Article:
Homily preached by Br. Andrew at Maroubra on Sunday 15th February 2015:
The Sixth Sunday after the Epiphany - the Transfiguration
2 Kings 2:1-12; Psalms 50:1-6; 2 Corinthians 4:3-12; Mark 9:2-9
Today, is the last Sunday after the Epiphany, and as the last Sunday before the beginning of Lent is also the Sunday of the Transfiguration of the Lord.
The word Transfigure is derived from Latin “transfigurare” or “across figure” and this word came into the English via the Old French between 1100 and 1250. Its common meaning is ‘to transform into something more beautiful or elevated.’ To change the form of something or someone into something more beautiful or elevated
Spiritually speaking, when we find ourselves on this mountain top each year with Peter, James, John, Moses, Elijah and Jesus it is not only outward experiences that concern us, because, you see for those of us who walk in the footsteps of Christ we are ever learning new things of him.
This is His final Epiphany experience, or rather ours before He begins the Journey to Death and Resurrection in Jerusalem. Epiphanies are Manifestations, revelations of certain information to certain individuals.
THE primary or official EPIPHANY, occurred when Jesus was made manifest, revealed to the Nations in the three Magi, who came to worship him, as King of the Jews witnessed by his parents.
The second time was at his baptism in the Jordan when God made it known in person that Jesus was his own beloved son. Andrew and John were present at that time.
Here we are once more atop what must have been Mount Hermes, (we can talk about this on Thursday), with Peter and James and of course John who was present at Jesus baptism.
It says “And he was transfigured before them, 3 and his clothes became dazzling white, such as no one* on earth could bleach them” (Mark 9:2b, 3) I guess the easiest way Peter could describe the event to Mark must have been that Jesus’ clothes became so white that he had never seen the like before because we don’t have any description of Jesus here just his unearthly laundromat.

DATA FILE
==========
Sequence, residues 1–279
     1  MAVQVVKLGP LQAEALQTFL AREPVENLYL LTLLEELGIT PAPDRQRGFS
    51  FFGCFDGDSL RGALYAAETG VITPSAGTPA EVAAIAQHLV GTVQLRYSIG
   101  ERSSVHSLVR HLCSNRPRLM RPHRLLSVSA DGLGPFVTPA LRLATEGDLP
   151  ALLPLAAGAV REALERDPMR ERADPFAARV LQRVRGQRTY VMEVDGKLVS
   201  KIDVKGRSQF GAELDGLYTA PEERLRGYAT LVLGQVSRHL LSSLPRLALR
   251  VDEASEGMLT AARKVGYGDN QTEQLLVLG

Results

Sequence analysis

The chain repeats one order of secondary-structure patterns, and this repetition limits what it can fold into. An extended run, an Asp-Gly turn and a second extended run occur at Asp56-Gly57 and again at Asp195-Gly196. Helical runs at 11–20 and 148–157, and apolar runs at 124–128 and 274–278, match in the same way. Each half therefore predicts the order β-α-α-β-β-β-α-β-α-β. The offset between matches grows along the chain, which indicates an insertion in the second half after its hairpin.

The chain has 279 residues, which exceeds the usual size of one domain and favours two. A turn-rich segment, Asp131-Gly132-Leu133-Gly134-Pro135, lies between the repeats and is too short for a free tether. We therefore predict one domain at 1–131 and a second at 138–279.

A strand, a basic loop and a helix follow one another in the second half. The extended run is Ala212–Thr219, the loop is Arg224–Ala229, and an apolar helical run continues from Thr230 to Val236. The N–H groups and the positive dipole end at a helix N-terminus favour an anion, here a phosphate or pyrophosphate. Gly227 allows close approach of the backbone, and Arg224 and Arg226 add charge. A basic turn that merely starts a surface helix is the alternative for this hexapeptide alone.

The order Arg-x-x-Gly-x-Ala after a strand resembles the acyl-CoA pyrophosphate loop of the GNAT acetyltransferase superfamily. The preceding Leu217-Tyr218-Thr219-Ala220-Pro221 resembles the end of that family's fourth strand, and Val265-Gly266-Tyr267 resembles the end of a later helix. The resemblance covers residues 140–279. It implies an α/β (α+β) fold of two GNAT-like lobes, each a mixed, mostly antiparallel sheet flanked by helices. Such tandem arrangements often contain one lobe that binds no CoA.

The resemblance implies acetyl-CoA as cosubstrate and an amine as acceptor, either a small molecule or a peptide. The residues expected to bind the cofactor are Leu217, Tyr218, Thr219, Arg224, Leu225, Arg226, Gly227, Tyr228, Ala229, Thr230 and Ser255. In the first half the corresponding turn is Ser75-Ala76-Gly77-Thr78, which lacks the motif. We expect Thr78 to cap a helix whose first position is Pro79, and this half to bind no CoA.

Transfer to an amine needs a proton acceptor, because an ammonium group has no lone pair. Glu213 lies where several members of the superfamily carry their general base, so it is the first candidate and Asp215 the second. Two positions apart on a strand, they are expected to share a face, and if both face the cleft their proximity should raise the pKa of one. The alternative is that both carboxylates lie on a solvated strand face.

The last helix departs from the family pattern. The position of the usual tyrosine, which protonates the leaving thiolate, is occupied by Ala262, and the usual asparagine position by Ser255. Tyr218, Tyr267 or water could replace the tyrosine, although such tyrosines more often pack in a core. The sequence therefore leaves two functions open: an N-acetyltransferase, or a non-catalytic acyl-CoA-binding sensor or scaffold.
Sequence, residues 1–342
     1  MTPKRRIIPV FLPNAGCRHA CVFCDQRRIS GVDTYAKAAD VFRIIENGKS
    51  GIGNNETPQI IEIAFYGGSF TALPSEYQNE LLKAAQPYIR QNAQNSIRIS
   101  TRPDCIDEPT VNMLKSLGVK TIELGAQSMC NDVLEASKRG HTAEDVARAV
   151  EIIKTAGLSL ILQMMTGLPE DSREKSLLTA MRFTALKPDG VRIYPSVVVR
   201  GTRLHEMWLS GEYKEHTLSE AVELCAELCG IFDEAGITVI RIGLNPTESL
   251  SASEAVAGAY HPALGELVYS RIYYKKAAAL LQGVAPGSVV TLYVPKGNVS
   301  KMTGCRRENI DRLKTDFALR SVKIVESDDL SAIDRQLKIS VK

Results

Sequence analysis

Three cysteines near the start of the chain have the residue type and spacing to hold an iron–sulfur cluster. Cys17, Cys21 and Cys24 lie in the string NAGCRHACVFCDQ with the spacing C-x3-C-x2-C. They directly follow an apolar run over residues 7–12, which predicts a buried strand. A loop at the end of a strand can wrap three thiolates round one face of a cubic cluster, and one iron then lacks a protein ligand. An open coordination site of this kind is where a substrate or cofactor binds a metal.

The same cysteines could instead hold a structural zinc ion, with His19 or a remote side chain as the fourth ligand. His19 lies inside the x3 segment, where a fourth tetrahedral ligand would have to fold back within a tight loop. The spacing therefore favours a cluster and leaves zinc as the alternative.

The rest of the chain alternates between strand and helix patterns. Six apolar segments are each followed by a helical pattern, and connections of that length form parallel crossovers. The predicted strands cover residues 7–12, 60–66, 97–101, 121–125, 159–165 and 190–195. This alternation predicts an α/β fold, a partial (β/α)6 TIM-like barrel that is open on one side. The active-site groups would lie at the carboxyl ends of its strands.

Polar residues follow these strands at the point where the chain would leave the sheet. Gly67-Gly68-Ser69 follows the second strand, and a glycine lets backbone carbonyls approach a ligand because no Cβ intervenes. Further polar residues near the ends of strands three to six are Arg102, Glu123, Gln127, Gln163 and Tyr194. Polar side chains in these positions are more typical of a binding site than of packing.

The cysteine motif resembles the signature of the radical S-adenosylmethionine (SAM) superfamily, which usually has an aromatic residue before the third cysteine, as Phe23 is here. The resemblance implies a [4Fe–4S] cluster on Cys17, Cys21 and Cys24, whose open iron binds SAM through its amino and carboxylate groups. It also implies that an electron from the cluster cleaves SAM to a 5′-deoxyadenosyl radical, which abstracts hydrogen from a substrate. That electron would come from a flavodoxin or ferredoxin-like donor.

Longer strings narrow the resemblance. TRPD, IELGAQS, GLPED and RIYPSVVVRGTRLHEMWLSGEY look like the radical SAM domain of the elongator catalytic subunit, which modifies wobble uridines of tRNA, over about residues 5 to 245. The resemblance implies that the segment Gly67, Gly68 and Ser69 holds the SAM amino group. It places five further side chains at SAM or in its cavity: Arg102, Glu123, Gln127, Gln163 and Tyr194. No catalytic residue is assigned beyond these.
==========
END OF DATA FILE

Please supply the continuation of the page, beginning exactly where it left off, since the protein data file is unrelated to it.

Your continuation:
Retrospectively, in Peter’s realization that he was in the presence of the True and living God he later refrains from giving the description to Mark or any of us for that matter because he saw the face of God and lived – just a thought?
We notice that as soon as Christ is transfigured that Elijah with Moses can be seen speaking with Jesus, were they there all along and did the Transfigurement then allow the disciples to see and to hear them? What might we SEE if we were to place ourselves in this diorama with the group and encounter the living God in Jesus; would we be open to learning or would we like Peter want to pitch tents, because it would be too much for us, I guess it had better be too much for us else what are we doing here?
Elijah represents the epitome of Prophet hood and was to return before the Messiah arrived, we know that one with a spirit like his walked and talked in John the Baptist and was executed and now Elijah appears with Jesus before Jesus, in his turn is about to make the ultimate sacrifice for the sins of the world, past present and to come.
Our reading from the second book of the Kings is about the Ascension of Elijah who was taken to heaven in a whirlwind by God. The reading takes us through what was the last walk in his life and also through the brief and final stages of the apprenticeship of the prophet Elisha.